House Considers Contributory Negligence Bills

As previously reported on Conduit Street, the Maryland Court of Appeals is considering a case that could change the common law fault doctrine in Maryland from contributory negligence to comparative fault (also referred to as comparative negligence).  Such a change would have significant liability and cost ramifications for local governments and businesses.  In anticipation of a possible court ruling, the House Judiciary Committee heard two bills on March 6, HB 1156 and HB 1182, that take different approaches on addressing the comparative fault issue.

HB 1156 would formally codify and preserve the contributory negligence doctrine, contingent on a ruling by the Court that would change the common law to a comparative fault doctrine.  HB 1182 would form a task force to study whether Maryland should move to a comparative fault system and if so, what other important statutory changes would need to be made to maintain a balanced liability system.

While not taking a specific position on the approaches proposed by either bill, MACo submitted a position statement that strongly supported maintaining the contributory negligence system.  In its testimony, MACo argued that the decision whether to move the state to a comparative fault system lies with the General Assembly and that if the state were to adopt a comparative fault system, there are numerous ancillary statutory provisions that would also have to be addressed:

MACo believes that the decision of whether to change Maryland’s fault model properly rests with the General Assembly. The issue of whether to adopt a comparative fault model has been before the General Assembly many times in the past, with the last being in 2007 when the Legislature considered House Bill 110 and Senate Bill 267… In each instance the Legislature has declined to switch from the contributory negligence standard. …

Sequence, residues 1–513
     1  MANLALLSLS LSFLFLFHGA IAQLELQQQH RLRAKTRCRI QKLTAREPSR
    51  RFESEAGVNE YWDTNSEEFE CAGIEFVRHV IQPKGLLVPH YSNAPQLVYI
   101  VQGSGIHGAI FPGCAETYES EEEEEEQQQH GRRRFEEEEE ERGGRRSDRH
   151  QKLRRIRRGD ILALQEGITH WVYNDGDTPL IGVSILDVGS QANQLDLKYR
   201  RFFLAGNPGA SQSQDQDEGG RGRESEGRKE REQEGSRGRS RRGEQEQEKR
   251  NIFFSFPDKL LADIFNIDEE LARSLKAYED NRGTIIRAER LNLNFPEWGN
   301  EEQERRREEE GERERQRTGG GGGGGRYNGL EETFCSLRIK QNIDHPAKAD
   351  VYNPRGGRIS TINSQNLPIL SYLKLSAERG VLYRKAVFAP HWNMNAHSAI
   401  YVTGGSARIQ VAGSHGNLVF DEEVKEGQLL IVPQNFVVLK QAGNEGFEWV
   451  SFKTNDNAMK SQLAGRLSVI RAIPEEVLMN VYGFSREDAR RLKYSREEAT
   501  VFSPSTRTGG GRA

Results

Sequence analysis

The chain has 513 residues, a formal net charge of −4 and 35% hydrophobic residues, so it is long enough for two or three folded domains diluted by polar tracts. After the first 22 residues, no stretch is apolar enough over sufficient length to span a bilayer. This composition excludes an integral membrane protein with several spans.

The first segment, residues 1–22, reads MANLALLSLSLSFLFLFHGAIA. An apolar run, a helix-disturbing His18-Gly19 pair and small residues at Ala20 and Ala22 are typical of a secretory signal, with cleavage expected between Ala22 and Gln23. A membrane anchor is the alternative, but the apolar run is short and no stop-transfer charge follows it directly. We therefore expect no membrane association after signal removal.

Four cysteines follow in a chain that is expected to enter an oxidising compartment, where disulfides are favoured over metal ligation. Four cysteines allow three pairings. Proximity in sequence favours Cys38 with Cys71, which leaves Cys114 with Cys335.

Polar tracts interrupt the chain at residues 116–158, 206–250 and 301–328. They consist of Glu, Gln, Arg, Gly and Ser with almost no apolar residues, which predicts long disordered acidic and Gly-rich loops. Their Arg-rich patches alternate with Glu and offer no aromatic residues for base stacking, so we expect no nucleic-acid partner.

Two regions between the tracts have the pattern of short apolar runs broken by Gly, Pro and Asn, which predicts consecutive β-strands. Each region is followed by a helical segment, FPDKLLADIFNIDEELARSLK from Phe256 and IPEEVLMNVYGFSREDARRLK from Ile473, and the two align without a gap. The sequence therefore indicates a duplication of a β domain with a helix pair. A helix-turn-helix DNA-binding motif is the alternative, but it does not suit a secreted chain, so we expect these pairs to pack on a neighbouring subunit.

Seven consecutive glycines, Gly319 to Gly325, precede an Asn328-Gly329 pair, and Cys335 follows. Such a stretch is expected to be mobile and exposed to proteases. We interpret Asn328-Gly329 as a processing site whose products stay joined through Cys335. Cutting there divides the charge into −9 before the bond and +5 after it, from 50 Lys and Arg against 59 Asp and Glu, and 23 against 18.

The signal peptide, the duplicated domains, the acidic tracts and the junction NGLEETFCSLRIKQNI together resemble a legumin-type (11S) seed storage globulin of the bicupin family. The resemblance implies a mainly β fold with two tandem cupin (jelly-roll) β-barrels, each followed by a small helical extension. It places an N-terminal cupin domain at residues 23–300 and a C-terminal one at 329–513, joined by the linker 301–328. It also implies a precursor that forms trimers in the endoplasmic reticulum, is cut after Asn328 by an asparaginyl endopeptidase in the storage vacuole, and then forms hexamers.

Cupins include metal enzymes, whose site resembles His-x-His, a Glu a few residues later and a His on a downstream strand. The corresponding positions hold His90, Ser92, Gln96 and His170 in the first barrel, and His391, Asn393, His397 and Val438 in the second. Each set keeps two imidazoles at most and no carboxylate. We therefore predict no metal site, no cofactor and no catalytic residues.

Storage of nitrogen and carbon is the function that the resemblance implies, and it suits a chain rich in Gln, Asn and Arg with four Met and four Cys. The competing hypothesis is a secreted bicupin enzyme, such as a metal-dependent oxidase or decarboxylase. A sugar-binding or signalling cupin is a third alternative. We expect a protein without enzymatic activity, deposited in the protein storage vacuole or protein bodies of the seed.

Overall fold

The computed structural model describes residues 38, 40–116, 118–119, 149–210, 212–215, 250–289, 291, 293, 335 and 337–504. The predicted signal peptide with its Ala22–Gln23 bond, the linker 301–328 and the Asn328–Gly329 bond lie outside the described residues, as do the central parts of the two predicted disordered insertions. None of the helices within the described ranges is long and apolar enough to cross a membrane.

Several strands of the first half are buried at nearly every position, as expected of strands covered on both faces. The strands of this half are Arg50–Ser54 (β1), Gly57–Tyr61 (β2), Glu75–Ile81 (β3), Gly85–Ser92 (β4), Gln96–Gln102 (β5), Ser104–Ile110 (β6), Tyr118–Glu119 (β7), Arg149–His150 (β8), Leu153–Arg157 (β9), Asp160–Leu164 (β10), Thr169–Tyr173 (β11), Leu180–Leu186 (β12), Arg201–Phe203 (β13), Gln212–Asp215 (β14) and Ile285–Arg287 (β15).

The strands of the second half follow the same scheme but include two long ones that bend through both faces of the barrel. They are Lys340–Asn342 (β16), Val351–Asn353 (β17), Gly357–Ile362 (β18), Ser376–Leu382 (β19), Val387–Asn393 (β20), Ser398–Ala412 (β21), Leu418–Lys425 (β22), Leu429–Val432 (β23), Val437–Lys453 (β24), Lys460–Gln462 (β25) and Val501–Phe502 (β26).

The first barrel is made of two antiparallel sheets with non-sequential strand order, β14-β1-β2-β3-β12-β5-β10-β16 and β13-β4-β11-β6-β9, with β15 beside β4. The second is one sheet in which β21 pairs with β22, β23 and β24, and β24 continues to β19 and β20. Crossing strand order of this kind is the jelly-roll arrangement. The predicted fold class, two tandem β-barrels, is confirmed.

If Maryland were to consider moving to a comparative fault model, the change would also require modifications to statutory law in addition to the common law. In order to make contributory negligence a fair model for both plaintiffs and defendants, the General Assembly has enacted statutory provisions simplifying plaintiff recovery (including joint and several liability and the joint tortfeasor statute and exceptions to the contributory negligence rule (including the seatbelt rule, drug user against drug dealer, and others).  While these ancillary statutory provisions work well and provide balance under a contributory negligence system, they would create a significant imbalance that would favor the plaintiff’s side under a comparative fault system.